Aio Frei, Alexis Bhagat, Amy Melissa Reed, Andrea Bohlman, Cannach MacBride, Catherine Clover, Cathy Lane, Claire Kearns, Delphine Dora, Dominic Chennell, Douglas Kahn, Elissa Goodrich, Elizabeth Frickey, Ingrid Plum, Irene Revell, Janine Eisenächer, Jo Hutton, Jodie Saunders, Joseph Chaves, Julia Schauerman, Kate Carr, Kerry O'Brien Lara Geary, Leah Barclay, Louise Gray, Maayan Tsadka, Mattin & Noel Meek, MUD Collective Nate Wooley, OS Collective, Pia van Gelder, Polina Khatsenka, Rachel Devorah Wood Rome, Ron Coulter, Sabrina Fuller and ZONKEY (Melitopoulos/Schroedinger)

Read the programme for full information on all contributions and contributors

Keynote conversation: Annea Lockwood & Hildegard Westerkamp

Profile image of Annea Lockwood

Annea Lockwood

Born in New Zealand in 1939 and living in the US since 1973, Annea Lockwood is known for her explorations of the rich world of natural acoustic sounds and environments, in works ranging from sound art and installations, through text-sound and performance art to concert music. Her music has been performed in many venues and festivals including: the Possibility of Action exhibition at MACBA Barcelona, De Ijsbreker, the Other Minds Festival-San Francisco, the Walker Art Center, the American Century: 1950 – 2000 exhibition at the Whitney Museum, the Los Angeles County Museum, Queen Elizabeth Hall, Westdeutscher Rundfunk, CNMAT Berkeley, the Asia-Pacific Festival, Donaufest 2006 Ulm, the Donau Festival Krems, the 7th Totally Huge New Music Festival Perth, Ear To The Earth Festival – New York and Sonic Acts XIII.

Her sound installation, A Sound Map of the Danube, has been presented in Germany, Austria, and the US. This is a surround ‘sound map’ of the entire Danube River, incorporating a wide variety of water, animal and underwater insect sounds, rocks from the riverbed, and the voices of those whose lives are intimately connected to the river. Other recent projects include Ceci n’est pas un piano, for piano, video and electronics commissioned by Jennifer Hymer; Jitterbug, commissioned by the Merce Cunningham Dance Company, a six-channel soundscape with two improvising musicians; and In Our Name, a collaboration with Thomas Buckner based on poems by prisoners in Guantánamo. She was a recipient of the 2007 Henry Cowell Award. Her music has been issued on CD, vinyl and online on the Lovely Music, Ambitus, EM, XI, Rattle, Lorelt, Black Truffle and Pogus labels.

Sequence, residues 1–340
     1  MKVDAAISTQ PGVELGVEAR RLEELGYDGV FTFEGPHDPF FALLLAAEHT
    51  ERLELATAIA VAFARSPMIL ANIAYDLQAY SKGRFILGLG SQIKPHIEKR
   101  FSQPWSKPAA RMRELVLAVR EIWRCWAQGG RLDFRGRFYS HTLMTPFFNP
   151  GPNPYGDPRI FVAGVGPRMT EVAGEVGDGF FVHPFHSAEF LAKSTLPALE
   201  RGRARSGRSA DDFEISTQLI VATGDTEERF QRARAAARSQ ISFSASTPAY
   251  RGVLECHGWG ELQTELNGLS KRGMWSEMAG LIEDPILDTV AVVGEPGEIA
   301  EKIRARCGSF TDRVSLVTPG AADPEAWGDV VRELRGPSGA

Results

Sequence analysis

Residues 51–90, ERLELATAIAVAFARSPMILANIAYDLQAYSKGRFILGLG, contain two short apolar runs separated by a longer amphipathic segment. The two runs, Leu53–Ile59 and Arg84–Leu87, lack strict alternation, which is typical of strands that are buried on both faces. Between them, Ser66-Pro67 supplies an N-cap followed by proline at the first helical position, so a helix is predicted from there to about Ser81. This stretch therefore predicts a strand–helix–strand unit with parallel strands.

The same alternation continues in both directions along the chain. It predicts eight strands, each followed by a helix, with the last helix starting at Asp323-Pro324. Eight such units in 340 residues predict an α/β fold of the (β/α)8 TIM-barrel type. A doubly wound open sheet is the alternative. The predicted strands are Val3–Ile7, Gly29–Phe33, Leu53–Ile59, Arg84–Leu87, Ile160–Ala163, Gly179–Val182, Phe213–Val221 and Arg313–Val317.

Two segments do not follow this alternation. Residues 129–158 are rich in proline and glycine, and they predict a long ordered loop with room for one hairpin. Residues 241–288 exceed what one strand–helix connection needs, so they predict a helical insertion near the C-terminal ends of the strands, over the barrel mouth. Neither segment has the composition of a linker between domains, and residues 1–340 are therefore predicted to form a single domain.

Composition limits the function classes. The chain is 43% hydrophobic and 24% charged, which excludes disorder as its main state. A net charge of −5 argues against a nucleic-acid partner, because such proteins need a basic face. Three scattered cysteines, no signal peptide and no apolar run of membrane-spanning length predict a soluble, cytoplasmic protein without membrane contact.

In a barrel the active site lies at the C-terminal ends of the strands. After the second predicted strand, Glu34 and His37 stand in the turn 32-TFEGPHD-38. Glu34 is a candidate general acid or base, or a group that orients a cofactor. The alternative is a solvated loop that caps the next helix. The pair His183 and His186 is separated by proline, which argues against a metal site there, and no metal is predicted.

Hildegard Westerkamp reading Soundscape Journal

Hildegard Westerkamp

Composer Hildegard Westerkamp focuses on listening, environmental sound and acoustic ecology. At the beginning of her career she worked with R. Murray Schafer and the World Soundscape Project and subsequently taught acoustic communication courses at Simon Fraser University with colleague Barry Truax. She is a founding member of the World Forum for Acoustic Ecology and was chief editor of its journal Soundscape between 2000 and 2012. She has conducted soundscape workshops, given concerts and lectures, and has coordinated and led soundwalks locally and internationally. Hildegard’s compositions have been performed and broadcast in many parts of the world.

Westerkamp’s pioneering musical works and writing at the intersections of environmentalism, acoustic communication, radio arts, listening practices and soundwalking activate an awareness, that sound is a decisive dimension of the world, an idea that underpins contemporary thinking across social, political, artistic and scientific practices of environmental respect and concern.


Online Collection

A collection of longer sound and video works will be available online throughout the event: 27-29 April.

Catherine Clover: Hearing Study #6

Dominic Chennell: Piano Drowning (2021)

Maayan Tsadka: Ra'ash Adama (earthnoise)

MUD Collective: Mesopotamian Mud: the third walk

Joining the event online

The event will be hosted online on Zoom:

  • The Zoom 'Meeting' links will be emailed to all registered attendees 2 days before the event
  • All times in the programme are listed in UK British Summer Time. (Here is a helpful time zone calculator tool)
  • We suggest that you enable stereo sound in Zoom's settings, before the event (instructions available in the program)
  • The event will have live captions and the Q&A will welcome questions via text or verbally.
  • For guidance on how to access the event using Zoom, please see the programme or contact us on our projects email address: crisap@arts.ac.uk if you have any questions.
  • Please see UAL’s Virtual Event Privacy Notice which sets out how your personal information will be collected and processed. (NB At CRiSAP we do not store your registration information in Zoom)


If you have any questions, contact us on our Projects email address: crisap@arts.ac.uk


Image credit: Banner image - Annea Lockwood's 'Becoming Air / Into the Vanishing Point' on Black Truffle records, image by Karla Pringle. Annea Lockwood image - by Julia Dratel.